Of course the 3D print should exactly be as the 3D model used (assuming the slicer etc is working as expected).  So that model has dimensions to be for the given use. But, if there is a too thin part in the model, likely to break, than it’s obvious the designer made a mistake. But that’s only the case if the designer also gave specifications regarding the 3D print of a model. The designer needs to specify with which material the models has to be printed, with which settings and how it has to be tested. If not – and the model is just a 3D object somewhere uploaded on the web- no specs involved, than the designer is not liable.

 5. the owner / actual contractor taking the job to 3D print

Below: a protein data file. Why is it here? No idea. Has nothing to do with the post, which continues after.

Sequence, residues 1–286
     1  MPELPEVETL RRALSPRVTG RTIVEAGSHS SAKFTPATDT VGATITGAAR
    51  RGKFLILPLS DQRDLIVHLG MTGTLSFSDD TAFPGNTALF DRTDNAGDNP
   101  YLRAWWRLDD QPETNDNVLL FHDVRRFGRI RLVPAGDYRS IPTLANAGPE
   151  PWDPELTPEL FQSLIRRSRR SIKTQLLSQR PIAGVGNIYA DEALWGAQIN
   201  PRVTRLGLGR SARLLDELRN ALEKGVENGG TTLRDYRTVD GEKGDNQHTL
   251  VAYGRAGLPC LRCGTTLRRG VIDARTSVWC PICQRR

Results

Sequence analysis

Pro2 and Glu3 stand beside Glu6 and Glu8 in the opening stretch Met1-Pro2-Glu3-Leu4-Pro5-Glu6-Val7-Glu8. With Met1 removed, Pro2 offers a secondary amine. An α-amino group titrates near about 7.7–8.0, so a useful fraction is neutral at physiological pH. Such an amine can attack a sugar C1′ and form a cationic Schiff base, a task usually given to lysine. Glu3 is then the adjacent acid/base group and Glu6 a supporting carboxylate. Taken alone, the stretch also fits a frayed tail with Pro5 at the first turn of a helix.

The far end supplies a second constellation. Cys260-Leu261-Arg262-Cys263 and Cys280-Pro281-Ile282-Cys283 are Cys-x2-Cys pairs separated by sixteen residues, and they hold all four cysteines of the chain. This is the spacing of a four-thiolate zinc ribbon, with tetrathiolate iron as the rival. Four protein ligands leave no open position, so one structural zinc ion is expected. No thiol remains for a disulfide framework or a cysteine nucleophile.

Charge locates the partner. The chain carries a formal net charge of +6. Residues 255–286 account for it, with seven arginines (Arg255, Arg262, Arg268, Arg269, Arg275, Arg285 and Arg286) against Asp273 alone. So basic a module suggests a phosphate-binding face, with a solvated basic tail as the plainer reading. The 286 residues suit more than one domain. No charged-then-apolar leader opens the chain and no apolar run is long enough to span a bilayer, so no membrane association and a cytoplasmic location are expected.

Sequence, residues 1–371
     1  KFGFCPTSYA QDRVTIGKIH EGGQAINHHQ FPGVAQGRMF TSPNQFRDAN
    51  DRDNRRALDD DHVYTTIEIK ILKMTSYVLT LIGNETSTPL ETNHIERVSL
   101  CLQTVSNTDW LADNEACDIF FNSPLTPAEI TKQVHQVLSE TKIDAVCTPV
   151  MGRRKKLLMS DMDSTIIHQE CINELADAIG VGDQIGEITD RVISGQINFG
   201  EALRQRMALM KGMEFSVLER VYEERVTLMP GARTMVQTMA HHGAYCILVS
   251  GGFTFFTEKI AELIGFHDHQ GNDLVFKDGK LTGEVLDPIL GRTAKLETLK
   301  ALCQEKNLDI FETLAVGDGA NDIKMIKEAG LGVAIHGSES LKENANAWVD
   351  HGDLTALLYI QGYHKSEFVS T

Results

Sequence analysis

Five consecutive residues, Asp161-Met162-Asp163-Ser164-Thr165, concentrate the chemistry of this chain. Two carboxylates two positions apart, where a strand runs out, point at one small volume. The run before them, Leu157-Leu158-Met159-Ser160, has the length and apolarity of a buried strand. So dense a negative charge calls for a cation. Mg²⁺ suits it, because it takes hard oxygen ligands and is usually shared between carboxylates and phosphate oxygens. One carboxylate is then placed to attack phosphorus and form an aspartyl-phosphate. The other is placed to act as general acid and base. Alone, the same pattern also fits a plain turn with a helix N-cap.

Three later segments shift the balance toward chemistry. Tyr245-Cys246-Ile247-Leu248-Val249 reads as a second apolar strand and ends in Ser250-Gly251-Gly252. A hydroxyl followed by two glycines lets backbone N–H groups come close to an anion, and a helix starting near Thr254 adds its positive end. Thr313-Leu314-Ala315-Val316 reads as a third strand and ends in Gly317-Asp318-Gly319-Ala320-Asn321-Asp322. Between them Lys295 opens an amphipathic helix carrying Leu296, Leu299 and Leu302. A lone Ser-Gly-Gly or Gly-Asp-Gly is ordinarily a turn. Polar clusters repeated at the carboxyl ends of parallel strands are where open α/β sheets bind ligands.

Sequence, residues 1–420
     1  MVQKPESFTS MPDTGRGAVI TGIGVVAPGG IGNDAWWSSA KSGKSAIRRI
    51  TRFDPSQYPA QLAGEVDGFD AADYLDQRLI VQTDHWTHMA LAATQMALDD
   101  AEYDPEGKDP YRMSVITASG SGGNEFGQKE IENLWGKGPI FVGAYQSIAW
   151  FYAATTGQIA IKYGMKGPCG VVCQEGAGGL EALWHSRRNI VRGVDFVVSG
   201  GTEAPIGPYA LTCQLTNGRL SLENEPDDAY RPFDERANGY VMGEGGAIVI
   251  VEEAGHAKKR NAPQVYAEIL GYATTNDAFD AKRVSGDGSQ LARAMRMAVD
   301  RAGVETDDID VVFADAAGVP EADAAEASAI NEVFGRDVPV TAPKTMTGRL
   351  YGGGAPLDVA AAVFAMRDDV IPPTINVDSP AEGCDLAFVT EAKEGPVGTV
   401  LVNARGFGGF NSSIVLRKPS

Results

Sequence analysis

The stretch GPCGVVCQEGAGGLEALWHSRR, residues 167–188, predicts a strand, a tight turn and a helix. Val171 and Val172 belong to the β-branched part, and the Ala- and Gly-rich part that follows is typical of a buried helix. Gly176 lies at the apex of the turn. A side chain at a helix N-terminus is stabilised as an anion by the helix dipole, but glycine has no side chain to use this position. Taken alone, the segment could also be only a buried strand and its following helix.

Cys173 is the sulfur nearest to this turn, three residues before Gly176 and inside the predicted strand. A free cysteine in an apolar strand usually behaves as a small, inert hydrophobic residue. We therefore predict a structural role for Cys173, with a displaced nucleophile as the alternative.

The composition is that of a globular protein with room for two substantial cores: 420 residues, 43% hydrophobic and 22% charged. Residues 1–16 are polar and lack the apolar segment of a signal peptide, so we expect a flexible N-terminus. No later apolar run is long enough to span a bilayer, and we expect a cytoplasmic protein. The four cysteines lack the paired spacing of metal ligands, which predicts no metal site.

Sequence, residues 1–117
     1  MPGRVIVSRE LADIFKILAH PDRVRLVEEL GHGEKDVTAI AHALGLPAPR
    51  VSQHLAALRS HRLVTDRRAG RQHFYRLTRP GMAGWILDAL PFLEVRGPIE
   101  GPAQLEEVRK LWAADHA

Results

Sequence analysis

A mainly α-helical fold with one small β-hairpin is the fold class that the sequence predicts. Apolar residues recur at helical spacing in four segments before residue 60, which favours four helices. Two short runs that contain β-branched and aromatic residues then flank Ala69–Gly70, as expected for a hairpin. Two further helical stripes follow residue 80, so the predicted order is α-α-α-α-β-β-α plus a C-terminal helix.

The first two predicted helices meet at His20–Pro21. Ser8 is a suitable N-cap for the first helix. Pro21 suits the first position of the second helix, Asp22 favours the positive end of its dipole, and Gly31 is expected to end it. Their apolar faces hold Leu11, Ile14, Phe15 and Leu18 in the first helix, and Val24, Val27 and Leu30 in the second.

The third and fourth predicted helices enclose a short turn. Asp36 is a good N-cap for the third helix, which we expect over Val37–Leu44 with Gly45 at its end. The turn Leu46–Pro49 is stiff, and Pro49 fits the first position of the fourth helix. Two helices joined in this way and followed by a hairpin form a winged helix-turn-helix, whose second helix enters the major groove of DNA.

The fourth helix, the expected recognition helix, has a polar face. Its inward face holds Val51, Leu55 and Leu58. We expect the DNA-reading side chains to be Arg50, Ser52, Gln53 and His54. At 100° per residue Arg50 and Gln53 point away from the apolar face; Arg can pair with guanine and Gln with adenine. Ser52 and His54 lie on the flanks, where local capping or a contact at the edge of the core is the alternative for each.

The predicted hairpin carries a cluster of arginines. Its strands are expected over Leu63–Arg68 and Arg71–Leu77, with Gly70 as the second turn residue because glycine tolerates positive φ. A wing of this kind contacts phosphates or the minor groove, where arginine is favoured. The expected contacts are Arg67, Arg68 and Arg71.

At the moment it seems that owners / operators of an 3D printer just import the model of the customer and 3D print it. Exactly as the customer says: in PLA, 0.2mm Layer height and with support. Mostly that’s because the print job is given by a company ‘in between’.  For example like 3D Hubs. That company connects customers with owners of 3D printers. Customers upload a model, determine the wanted print material and let 3D Hubs generate prices for that print. No actual communication involved between the maker and the customer. By that simplification the maker makes exactly what is wanted as determined by the limited selection possibilities by 3D hubs. When it won’t work, you can simply declare that it’s exactly as wanted. And it is.

But, if communicating directly, the contractor taking the job for a 3D print has a lot of influence on the result. He is the first in line to communicate with the customer regarding the wanted result and use. He can question the customer about the wanted result and specifications.